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Lee E. Blair; Artist Won Olympic Medal for Painting

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TIMES STAFF WRITER

Lee E. Blair, artist and Disney animator who had the rare distinction of winning an Olympic gold medal for watercolor painting, has died. He was 81.

Blair died of heart failure in Santa Cruz on June 19.

The Los Angeles native won his gold medal in 1932, the first year the Olympics were staged in Los Angeles, for a watercolor of a rodeo. The painting was donated to a high school and has since been lost.

According to the “Encyclopedia of the Olympic Games,” gold, silver and bronze medals were awarded for art at the quadrennial Olympics from 1912 to 1948. The gold medal was given for watercolors only twice--in 1928 to Jean Jacoby of Luxembourg, and in 1932 to Blair.

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Educated at Los Angeles’ Chouinard Art Institute, which has been absorbed by the California School of Fine Arts, Blair began his career at the Walt Disney Studios as an animator and director. He contributed to such Disney classics as “Pinocchio,” “Bambi” and “Fantasia.”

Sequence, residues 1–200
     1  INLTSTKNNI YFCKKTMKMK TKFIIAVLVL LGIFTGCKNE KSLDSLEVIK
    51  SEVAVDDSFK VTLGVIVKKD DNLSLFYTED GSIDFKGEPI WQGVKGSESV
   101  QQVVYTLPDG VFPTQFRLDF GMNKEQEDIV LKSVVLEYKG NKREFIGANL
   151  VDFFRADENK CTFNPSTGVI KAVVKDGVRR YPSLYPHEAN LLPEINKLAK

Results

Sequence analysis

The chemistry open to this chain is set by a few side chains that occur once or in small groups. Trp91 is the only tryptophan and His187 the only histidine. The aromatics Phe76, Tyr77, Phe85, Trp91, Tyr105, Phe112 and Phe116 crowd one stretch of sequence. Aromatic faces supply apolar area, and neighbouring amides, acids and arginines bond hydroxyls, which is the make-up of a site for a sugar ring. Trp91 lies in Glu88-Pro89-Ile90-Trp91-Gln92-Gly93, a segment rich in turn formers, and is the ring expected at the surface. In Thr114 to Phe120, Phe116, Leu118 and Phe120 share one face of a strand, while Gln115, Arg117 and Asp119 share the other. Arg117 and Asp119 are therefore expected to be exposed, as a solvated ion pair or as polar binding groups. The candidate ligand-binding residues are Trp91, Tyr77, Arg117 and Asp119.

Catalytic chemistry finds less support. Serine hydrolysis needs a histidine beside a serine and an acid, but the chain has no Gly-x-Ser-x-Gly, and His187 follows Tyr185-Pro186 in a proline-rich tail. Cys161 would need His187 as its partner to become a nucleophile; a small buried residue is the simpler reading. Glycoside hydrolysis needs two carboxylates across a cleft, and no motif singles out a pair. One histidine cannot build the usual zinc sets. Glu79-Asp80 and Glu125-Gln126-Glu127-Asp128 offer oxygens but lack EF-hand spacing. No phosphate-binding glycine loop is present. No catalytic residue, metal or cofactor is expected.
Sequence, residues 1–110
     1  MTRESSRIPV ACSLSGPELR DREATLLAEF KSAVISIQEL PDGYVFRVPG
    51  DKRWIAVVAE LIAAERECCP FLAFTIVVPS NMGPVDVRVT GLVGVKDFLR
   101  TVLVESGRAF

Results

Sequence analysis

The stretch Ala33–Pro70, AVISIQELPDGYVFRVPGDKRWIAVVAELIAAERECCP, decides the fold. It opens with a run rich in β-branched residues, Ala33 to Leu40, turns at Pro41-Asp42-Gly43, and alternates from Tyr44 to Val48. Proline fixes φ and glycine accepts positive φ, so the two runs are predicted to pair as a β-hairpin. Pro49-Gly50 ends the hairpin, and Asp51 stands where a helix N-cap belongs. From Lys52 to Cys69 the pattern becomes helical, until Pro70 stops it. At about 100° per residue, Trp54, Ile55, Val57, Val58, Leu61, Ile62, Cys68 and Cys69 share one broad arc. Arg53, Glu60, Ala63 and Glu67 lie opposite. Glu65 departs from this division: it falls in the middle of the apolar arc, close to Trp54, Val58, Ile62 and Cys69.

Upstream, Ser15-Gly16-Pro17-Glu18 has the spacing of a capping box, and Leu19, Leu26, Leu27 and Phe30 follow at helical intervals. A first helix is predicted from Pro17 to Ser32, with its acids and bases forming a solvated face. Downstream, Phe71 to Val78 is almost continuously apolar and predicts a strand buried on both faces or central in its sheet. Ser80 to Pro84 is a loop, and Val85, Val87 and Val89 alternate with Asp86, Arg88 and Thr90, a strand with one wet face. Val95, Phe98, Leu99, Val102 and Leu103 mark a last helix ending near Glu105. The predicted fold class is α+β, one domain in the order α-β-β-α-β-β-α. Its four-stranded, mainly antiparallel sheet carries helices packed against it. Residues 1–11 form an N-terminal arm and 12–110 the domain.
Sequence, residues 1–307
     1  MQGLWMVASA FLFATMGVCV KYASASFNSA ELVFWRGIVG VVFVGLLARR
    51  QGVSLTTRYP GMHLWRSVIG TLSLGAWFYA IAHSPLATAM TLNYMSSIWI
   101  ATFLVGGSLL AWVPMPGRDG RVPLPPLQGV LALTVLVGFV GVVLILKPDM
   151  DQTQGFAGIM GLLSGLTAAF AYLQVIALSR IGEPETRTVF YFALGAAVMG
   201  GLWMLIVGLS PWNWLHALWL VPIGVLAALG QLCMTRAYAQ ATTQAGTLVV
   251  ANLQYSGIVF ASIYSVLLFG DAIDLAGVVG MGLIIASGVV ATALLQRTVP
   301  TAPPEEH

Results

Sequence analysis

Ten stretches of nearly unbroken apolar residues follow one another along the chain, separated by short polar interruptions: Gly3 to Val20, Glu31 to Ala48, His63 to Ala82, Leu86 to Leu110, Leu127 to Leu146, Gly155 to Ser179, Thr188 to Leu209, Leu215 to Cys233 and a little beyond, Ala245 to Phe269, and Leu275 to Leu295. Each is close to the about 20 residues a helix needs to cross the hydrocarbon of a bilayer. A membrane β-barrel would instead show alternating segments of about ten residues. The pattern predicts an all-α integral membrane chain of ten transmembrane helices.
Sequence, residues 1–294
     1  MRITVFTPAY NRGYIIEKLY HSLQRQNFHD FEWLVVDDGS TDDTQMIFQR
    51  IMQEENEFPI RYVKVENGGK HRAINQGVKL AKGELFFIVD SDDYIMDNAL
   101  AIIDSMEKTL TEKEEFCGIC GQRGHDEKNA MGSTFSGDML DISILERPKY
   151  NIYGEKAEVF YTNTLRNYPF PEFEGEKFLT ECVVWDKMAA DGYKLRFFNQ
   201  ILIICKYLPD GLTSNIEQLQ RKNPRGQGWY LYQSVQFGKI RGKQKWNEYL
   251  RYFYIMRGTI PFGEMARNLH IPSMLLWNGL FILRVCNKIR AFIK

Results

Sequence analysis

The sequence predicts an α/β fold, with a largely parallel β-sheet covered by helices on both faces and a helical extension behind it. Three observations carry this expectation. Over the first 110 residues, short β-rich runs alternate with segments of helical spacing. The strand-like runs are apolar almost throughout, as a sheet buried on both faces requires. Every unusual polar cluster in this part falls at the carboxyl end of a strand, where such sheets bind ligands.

He served in the Navy during World War II, making animated training films on military tactics.

In 1946, Blair began his own production company, Film-TV Graphics, based on New York’s Long Island. The firm made television commercials and industrial films.

Blair served as president of the New York Film Producers Assn. and set up a section of the New York mayor’s office to deal with film, radio and television.

He continued his work in watercolors, always telling a story in his paintings--children dressing up on Halloween or families cavorting on the beach.

During the 1930s, Blair served two terms as president of the California Watercolor Society.

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In 1933, he received the William Church Osborn Purchase Prize from the American Watercolor Society, and in 1981 he was elected to the group’s prestigious Dolphin Fellowship. In 1983, he earned a life membership in the society “in recognition of unusual achievement in the advancement of watercolor painting in America.”

Blair’s watercolors hang in the Los Angeles County Museum of Art and the California Palace of the Legion of Honor in San Francisco.

He is survived by two sons, Kevin of Brentwood and Donovan of San Jose, and a brother.

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